Is Coronavirus Covered by Business Interruption Insurance?
If you own a business, chances are you’ve taken steps to protect your employees and support customers during the Covid-19 outbreak. You’ve probably also previously implemented measures to mitigate risks including purchasing insurance. You may be wondering now what coverage if any your insurance policy may provide you for this uncharted territory. If you haven’t already, now is the time to bust out your insurance policy to determine whether you may have a business interruption claim due to the pandemic.
The viability of coverage for a coronavirus-related loss will depend significantly on the specific terms and conditions of the policy. While every policy varies, business interruption coverage is often included as part of a commercial property insurance policy. In a standard policy, coverage is triggered when a company suffers “direct physical loss of or damage to” the insured property as the result of a “covered cause of loss.”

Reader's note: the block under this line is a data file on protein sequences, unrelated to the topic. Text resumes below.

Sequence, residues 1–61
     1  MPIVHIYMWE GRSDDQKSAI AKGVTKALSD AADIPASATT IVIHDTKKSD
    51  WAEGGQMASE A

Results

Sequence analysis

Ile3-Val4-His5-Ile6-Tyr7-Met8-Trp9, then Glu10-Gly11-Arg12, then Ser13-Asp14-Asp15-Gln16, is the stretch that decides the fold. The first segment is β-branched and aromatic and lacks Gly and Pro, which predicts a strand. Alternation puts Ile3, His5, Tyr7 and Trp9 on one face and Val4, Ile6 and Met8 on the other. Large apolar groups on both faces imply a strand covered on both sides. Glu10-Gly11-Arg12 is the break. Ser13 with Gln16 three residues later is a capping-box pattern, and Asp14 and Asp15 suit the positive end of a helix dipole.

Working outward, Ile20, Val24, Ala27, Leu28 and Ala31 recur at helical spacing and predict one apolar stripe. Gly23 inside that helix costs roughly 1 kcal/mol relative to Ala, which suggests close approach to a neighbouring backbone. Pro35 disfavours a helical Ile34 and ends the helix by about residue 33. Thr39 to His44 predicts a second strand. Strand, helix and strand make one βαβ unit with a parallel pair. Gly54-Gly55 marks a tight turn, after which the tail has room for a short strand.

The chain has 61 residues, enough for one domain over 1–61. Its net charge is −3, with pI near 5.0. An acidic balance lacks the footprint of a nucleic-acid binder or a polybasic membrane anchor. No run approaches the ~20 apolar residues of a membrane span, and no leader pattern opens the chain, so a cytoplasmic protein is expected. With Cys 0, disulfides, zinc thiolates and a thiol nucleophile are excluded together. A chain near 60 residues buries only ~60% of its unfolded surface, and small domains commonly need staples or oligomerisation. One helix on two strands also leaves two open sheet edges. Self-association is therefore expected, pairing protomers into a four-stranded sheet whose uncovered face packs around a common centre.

To put it another way, a mere interruption to business by itself may not be enough to trigger coverage. To obtain coverage resulting from the pandemic, the existence of the coronavirus would need to constitute a “covered cause of loss,” which results in “physical loss of or damage to” the insured property. These requirements could potentially be satisfied if there is a demonstrable presence of the coronavirus in your workplace or in one of the locations of your suppliers. Needless to say, courts will be evaluating new arguments and angles based on the specific policy wording.
If you can show direct physical damage to covered property, or in the event that your policy does not require it as a trigger for coverage, you’ll need to check to see if your policy has any applicable exclusions for virus-related losses. Some policies contain a provision excluding for “Loss Due To Virus Or Bacteria” or something similar. The language, limits, and extent of these exclusions will certainly be tested by both insurers and insureds under the many unique circumstances created by this pandemic.
There are several specialized insurance policies and extensions of coverage added to standard policies expressly provide coverage for losses caused by “communicable or infectious diseases” without requiring physical damage to insured property. If you have one of these policies, you may have a significantly higher likelihood of establishing coverage depending on the policy language and the harm to your business. Ultimately, it is important to promptly review your policy, track losses, and notify your insurer of claims even if there are issues or questions that may turn out to preclude coverage.
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